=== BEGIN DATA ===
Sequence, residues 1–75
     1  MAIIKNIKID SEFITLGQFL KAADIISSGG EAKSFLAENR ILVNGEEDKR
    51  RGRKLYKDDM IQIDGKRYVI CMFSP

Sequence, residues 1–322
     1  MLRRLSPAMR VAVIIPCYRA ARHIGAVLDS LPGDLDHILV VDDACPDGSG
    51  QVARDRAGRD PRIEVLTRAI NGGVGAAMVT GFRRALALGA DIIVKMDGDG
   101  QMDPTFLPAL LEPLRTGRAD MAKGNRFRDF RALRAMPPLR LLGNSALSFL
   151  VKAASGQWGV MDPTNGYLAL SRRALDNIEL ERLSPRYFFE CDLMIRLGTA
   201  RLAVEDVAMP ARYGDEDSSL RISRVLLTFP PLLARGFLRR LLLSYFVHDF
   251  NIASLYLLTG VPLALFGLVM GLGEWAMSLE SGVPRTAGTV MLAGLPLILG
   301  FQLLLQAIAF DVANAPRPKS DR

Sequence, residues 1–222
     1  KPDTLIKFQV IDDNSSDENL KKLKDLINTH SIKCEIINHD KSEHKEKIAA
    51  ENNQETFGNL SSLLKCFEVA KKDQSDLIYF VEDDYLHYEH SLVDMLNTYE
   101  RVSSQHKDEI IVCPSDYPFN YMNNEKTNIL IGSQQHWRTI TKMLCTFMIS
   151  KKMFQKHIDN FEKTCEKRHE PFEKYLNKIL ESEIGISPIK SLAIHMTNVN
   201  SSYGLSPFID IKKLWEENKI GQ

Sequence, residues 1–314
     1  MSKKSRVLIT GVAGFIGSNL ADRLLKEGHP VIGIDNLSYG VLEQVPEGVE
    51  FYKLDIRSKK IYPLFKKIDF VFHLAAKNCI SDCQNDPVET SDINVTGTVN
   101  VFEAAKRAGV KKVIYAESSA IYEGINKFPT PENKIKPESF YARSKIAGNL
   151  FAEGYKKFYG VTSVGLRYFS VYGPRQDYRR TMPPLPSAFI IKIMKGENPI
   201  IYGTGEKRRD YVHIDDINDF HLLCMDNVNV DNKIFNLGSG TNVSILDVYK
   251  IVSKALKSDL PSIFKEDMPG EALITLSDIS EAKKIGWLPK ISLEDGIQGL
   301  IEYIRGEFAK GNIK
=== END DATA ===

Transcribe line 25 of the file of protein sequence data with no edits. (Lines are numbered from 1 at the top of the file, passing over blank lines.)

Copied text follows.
   301  IEYIRGEFAK GNIK